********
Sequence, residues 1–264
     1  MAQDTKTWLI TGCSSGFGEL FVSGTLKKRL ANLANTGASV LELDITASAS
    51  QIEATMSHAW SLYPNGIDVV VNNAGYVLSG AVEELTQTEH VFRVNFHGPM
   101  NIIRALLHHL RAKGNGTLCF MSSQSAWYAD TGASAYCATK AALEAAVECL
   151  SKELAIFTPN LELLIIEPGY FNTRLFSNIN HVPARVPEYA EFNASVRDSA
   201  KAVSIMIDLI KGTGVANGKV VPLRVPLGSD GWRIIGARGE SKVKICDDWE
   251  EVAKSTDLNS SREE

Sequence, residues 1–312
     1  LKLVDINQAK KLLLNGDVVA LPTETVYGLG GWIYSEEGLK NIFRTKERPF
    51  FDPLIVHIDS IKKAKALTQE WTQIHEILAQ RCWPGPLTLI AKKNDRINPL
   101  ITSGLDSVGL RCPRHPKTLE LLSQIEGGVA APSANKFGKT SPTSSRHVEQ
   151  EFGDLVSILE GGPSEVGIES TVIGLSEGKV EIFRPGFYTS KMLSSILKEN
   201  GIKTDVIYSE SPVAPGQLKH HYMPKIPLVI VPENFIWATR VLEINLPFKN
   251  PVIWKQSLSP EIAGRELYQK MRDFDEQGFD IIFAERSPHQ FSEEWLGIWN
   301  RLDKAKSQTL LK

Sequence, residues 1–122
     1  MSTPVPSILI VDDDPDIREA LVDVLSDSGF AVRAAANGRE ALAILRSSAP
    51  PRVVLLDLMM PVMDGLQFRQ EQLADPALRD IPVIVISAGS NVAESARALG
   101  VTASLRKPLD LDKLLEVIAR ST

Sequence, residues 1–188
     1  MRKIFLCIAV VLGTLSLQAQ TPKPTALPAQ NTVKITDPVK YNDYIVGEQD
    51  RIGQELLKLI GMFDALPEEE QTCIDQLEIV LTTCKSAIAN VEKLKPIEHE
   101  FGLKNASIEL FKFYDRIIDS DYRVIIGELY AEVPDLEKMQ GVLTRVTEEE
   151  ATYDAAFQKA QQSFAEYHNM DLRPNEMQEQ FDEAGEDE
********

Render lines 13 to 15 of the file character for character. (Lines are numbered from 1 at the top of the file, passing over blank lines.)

   201  GIKTDVIYSE SPVAPGQLKH HYMPKIPLVI VPENFIWATR VLEINLPFKN
   251  PVIWKQSLSP EIAGRELYQK MRDFDEQGFD IIFAERSPHQ FSEEWLGIWN
   301  RLDKAKSQTL LK